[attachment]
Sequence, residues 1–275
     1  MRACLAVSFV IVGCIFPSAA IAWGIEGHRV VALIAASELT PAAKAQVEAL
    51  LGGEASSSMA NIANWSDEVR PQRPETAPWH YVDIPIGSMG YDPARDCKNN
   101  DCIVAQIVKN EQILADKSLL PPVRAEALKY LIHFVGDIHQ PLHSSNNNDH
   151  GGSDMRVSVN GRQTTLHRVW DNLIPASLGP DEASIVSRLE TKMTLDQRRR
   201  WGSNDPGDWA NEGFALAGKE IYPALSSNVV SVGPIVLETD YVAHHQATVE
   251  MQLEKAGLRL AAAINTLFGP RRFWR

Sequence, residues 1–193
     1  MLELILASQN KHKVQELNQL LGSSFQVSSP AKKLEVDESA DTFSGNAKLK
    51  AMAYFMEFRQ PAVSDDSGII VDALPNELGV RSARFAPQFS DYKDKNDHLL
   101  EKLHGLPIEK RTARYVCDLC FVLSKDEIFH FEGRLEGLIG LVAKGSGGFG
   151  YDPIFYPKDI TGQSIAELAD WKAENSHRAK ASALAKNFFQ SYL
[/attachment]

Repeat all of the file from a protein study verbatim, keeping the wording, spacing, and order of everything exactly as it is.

Sequence, residues 1–275
     1  MRACLAVSFV IVGCIFPSAA IAWGIEGHRV VALIAASELT PAAKAQVEAL
    51  LGGEASSSMA NIANWSDEVR PQRPETAPWH YVDIPIGSMG YDPARDCKNN
   101  DCIVAQIVKN EQILADKSLL PPVRAEALKY LIHFVGDIHQ PLHSSNNNDH
   151  GGSDMRVSVN GRQTTLHRVW DNLIPASLGP DEASIVSRLE TKMTLDQRRR
   201  WGSNDPGDWA NEGFALAGKE IYPALSSNVV SVGPIVLETD YVAHHQATVE
   251  MQLEKAGLRL AAAINTLFGP RRFWR

Sequence, residues 1–193
     1  MLELILASQN KHKVQELNQL LGSSFQVSSP AKKLEVDESA DTFSGNAKLK
    51  AMAYFMEFRQ PAVSDDSGII VDALPNELGV RSARFAPQFS DYKDKNDHLL
   101  EKLHGLPIEK RTARYVCDLC FVLSKDEIFH FEGRLEGLIG LVAKGSGGFG
   151  YDPIFYPKDI TGQSIAELAD WKAENSHRAK ASALAKNFFQ SYL